Take a run at this, however, and tell me what you think.

    Code:
    #include <stdio.h>
    #include <string.h>
    
    int encrypt (int num);
    
    int main(void) {
       char a[50]={"Once a jolly swagman"};
       char b[50]={"cegajlnwolsanOyam"};
       char counta[127], countb[127];
       int i, lena, lenb, maxlen, notEqual;
    
       for(i=0;i<127;i++) {
          counta[i]=0;
          countb[i]=0;
       }
       
       lena=strlen(a);                    //get their respective lengths
       lenb = strlen(b);
       if(lena > lenb)
          maxlen = lena;
       else
          maxlen = lenb;
    
          
       for(i=0;i<=maxlen;i++) {            //and catalogue the values
          if(i<lena)
             counta[a[i]]++;
       
          if(i<lenb)
             countb[b[i]]++;
       }
       for(i='A',notEqual=0;i<='z';i++) { //now compare them
          if(counta[i] != countb[i]) {
             notEqual = 1;
             printf("Not equal: %c   counta[i]: %d  countb[i]: %d\n",i,counta[i], countb[i]); getchar();
             break;
          }
          //printf("i: %c Is equal: counta[i]: %d  countb[i]: %d\n",i,counta[i], countb[i]); getchar();
       }
       if(notEqual)
          printf("Strings contain different letters\n");
       else
          printf("Strings contain the same letters\n");
    
       return 0;
    }

  10. #10
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    Quote Originally Posted by ypp174
    I thought of this solution but user input any character even spacial character.
    So if input string length is more than available total ascii values(255) then it is ok
    but what if input string length is small like 10 to 20 letter then it would be not efficient i guess.
    You still are going to assume that each character fits into a char, so this means 256 different values, assuming that CHAR_BIT is 8. Therefore, counting sort is applicable.

    As for efficiency: if the input string length is small and limited to only a few values, then indeed Adak's idea for using counting sort would not be efficient. On the other hand, efficiency does not matter when the size of the input is so small. On a modern computer, I expect that even bogosort would be fast enough to sort a 20 character array before you can say "the array is sorted!"

    Quote Originally Posted by ypp174
    here also first we are sorting n element into an array then comparing until we find mismatch, so more comparison happening.
    With an efficient sort, you will likely use fewer comparisons than without sorting, assuming that the size of the input is large enough.
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  11. #11
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    Yep, it's OK for efficiency.

    Code:
    /*
     Words are from the Roberta Flack version of the song, 1969, from here:
    
    http://www.youtube.com/watch?v=hOFrGbuUqnQ
    
    Great listen! ;)
    */
    
    #include <stdio.h>
    #include <string.h>
    #include <time.h>
    
    int encrypt (int num);
    
    int main(void) {
       char a[]={
          "The first time, ever I saw your face.\n"
          "I thought the sun, rose in your eyes.\n"
          "And the moon and the stars, were the gifts you gave,\n" 
          "to the dark, and the endless skies, my love.\n"
          "To the dark, and the endless skies.\n\n"
    
          "And the first time, ever I kissed your mouth.\n"
          "I felt the earth, move in my hand.\n"
          "Like the trembling heart, of a captive bird,\n"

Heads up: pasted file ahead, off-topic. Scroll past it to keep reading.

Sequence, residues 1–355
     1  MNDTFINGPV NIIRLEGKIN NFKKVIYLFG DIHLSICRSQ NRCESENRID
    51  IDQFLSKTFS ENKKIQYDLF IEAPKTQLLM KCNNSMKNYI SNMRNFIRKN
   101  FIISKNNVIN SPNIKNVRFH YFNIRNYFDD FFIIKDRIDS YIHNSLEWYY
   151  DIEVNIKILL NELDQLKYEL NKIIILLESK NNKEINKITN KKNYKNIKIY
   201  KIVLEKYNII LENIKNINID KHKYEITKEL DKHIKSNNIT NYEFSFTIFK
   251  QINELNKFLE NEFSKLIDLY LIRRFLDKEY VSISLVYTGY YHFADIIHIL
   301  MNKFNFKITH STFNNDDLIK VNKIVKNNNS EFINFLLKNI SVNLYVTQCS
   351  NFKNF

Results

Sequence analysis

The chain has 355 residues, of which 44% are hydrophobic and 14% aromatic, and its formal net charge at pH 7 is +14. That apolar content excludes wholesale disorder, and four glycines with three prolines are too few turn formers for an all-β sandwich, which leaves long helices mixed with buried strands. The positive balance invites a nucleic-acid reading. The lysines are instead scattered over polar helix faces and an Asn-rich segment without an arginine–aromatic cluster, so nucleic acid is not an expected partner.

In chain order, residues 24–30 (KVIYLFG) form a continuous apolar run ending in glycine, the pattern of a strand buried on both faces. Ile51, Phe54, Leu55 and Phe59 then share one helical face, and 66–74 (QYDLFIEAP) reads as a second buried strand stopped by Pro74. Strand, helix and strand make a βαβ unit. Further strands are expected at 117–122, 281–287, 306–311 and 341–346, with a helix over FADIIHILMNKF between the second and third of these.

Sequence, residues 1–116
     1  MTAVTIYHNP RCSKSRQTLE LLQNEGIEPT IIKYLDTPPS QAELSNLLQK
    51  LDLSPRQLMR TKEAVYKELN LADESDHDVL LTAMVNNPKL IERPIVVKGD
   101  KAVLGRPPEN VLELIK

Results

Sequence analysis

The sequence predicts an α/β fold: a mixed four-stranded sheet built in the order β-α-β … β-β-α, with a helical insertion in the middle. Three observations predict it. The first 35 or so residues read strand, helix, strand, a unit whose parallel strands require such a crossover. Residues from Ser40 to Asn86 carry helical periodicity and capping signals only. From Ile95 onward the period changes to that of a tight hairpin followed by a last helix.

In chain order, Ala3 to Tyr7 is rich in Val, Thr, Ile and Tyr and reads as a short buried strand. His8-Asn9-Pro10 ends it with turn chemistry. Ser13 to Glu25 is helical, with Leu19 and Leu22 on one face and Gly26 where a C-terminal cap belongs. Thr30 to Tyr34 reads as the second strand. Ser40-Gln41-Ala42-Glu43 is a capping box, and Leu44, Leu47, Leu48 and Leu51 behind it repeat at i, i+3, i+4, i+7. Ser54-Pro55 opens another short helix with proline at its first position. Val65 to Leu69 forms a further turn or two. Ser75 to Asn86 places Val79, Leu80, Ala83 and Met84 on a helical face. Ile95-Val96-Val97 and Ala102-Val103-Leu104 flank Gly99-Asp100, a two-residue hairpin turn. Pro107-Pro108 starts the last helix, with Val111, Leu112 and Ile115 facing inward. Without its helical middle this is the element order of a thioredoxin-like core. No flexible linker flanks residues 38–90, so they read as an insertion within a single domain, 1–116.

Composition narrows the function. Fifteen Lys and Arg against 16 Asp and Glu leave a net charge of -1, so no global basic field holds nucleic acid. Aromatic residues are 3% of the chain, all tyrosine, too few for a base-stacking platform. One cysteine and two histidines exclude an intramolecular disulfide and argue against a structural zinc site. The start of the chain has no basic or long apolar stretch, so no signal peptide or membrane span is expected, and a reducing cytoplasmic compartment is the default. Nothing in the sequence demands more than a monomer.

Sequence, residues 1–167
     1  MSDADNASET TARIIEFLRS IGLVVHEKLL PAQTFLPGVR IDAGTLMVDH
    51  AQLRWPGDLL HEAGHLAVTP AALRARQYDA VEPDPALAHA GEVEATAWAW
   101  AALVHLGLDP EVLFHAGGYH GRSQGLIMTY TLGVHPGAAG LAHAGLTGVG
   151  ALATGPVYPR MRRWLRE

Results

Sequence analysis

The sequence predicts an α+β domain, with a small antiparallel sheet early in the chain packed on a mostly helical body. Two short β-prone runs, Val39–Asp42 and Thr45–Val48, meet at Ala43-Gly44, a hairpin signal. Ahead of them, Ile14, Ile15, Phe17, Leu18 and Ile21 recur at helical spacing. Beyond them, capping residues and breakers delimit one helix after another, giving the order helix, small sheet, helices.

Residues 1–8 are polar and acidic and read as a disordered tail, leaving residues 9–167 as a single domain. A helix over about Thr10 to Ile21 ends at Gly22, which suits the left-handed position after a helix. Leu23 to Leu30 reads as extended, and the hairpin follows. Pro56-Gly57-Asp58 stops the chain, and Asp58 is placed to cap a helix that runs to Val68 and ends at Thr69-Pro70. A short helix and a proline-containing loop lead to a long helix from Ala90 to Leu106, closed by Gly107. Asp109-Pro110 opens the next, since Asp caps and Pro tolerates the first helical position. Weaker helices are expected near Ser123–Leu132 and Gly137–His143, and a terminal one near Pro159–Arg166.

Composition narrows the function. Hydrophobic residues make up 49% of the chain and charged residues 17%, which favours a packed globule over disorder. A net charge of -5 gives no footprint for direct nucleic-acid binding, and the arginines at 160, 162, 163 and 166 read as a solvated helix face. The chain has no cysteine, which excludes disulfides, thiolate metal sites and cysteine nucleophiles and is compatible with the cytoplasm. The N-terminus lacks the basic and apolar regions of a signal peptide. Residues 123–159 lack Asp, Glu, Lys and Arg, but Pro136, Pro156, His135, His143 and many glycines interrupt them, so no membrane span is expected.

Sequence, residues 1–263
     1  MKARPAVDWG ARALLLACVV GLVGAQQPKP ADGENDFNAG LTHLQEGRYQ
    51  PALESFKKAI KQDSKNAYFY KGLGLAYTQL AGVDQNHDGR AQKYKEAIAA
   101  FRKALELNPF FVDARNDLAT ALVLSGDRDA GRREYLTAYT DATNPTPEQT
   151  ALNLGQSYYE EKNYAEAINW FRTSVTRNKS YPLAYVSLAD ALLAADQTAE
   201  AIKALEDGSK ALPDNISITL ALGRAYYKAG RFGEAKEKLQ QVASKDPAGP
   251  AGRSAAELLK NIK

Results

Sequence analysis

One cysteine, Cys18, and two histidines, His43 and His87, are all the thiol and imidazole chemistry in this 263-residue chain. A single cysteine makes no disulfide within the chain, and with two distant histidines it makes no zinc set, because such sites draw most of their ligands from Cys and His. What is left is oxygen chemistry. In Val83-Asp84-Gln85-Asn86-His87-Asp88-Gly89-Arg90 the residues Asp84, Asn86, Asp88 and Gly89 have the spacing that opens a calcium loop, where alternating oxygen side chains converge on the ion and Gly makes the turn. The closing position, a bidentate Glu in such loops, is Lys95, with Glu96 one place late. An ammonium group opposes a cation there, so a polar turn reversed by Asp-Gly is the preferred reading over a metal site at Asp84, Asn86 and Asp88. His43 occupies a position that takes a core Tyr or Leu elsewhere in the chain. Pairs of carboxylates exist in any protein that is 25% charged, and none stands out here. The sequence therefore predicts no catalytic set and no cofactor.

"that was there, at my command, my love.\n"
          "That was there, at my command, my love.\n\n"
    
          "And the first time, ever I lay with you,\n"
          "I felt your heart, so close to mine.\n"
          "And I knew our joy, would fill the earth,\n"
          "and last, till the end of time, my love.\n"
          "And it would last, till the end of time, my love.\n\n"
          "The first time, ever I saw, your face.\n"
          "Your face. Your face. Your face.\n"
       };
    
       char b[]={
          "The first time, ever I saw your face.\n"
          "I thought the sun, rose in your eyes.\n"
          "And the moon and the stars, were the gifts you gave,\n" 
          "to the dark, and the endless skies, my love.\n"
          "To the dark, and the endless skies.\n\n"
    
          "And the first time, ever I kissed your mouth.\n"
          "I felt the earth, move in my hand.\n"
          "Likes the trembling heart, of a captive bird,\n"      //appended an s to Like, 
          "that was there, at my command, my love.\n"
          "That was there, at my command, my love.\n\n"
    
          "And the first time, ever I lay with you,\n"
          "I felt your heart, so close to mine.\n"
          "And I knew our joy, would fill the earth,\n"
          "and last, till the end of time, my love.\n"
          "And it would last, till the end of time, my love.\n\n"
          "The first time, ever I saw, your face.\n"
          "Your face. Your face. Your face.\n"
       };
          
       char counta[127], countb[127];
       int i, lena, lenb, maxlen, notEqual;
       clock_t start,stop;
       start=clock();
    
    
       for(i=0;i<127;i++) {
          counta[i]=0;
          countb[i]=0;
       }
       
       lena=strlen(a);                    //get their respective lengths
       lenb = strlen(b);
       if(lena > lenb)
          maxlen = lena;
       else
          maxlen = lenb;
    
          
       for(i=0;i<=maxlen;i++) {            //and catalogue the values
          if(i<lena)
             counta[a[i]]++;
       
          if(i<lenb)
             countb[b[i]]++;
       }
       for(i='A',notEqual=0;i<='z';i++) { //now compare them
          if(counta[i] != countb[i]) {
             notEqual = 1;
             printf("Not equal: %c   counta[i]: %d  countb[i]: %d\n",i,counta[i], countb[i]); //getchar();
             break;
          }
          //printf("i: %c Is equal: counta[i]: %d  countb[i]: %d\n",i,counta[i], countb[i]); getchar();
       }
       if(notEqual)
          printf("Strings contain different letters\n\n");
       else
          printf("Strings contain the same letters\n");
    
       stop = clock();
       printf("Elapsed time: %f seconds\n",(double)(stop-start)/CLOCKS_PER_SEC);
    
    
       printf("Display the strings [y/any] ? ");
       i=getchar();
       if(i=='y')
          printf("a:\n%s\n\n b:\n%s\n",a,b);
    
    
       return 0;
    }
    Last edited by Adak; 09-23-2012 at 07:03 AM.